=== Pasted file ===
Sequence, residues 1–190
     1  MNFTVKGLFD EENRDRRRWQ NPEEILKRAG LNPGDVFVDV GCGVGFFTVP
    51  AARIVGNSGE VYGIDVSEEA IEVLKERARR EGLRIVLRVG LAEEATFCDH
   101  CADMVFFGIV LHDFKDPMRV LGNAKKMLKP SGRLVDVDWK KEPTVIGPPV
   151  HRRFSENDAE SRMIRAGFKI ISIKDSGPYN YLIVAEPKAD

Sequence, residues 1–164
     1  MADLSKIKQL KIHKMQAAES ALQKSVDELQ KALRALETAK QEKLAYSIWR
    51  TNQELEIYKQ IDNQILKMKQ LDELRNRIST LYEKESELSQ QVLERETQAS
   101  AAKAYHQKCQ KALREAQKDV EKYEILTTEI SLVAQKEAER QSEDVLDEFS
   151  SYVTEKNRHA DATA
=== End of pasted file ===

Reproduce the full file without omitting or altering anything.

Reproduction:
Sequence, residues 1–190
     1  MNFTVKGLFD EENRDRRRWQ NPEEILKRAG LNPGDVFVDV GCGVGFFTVP
    51  AARIVGNSGE VYGIDVSEEA IEVLKERARR EGLRIVLRVG LAEEATFCDH
   101  CADMVFFGIV LHDFKDPMRV LGNAKKMLKP SGRLVDVDWK KEPTVIGPPV
   151  HRRFSENDAE SRMIRAGFKI ISIKDSGPYN YLIVAEPKAD

Sequence, residues 1–164
     1  MADLSKIKQL KIHKMQAAES ALQKSVDELQ KALRALETAK QEKLAYSIWR
    51  TNQELEIYKQ IDNQILKMKQ LDELRNRIST LYEKESELSQ QVLERETQAS
   101  AAKAYHQKCQ KALREAQKDV EKYEILTTEI SLVAQKEAER QSEDVLDEFS
   151  SYVTEKNRHA DATA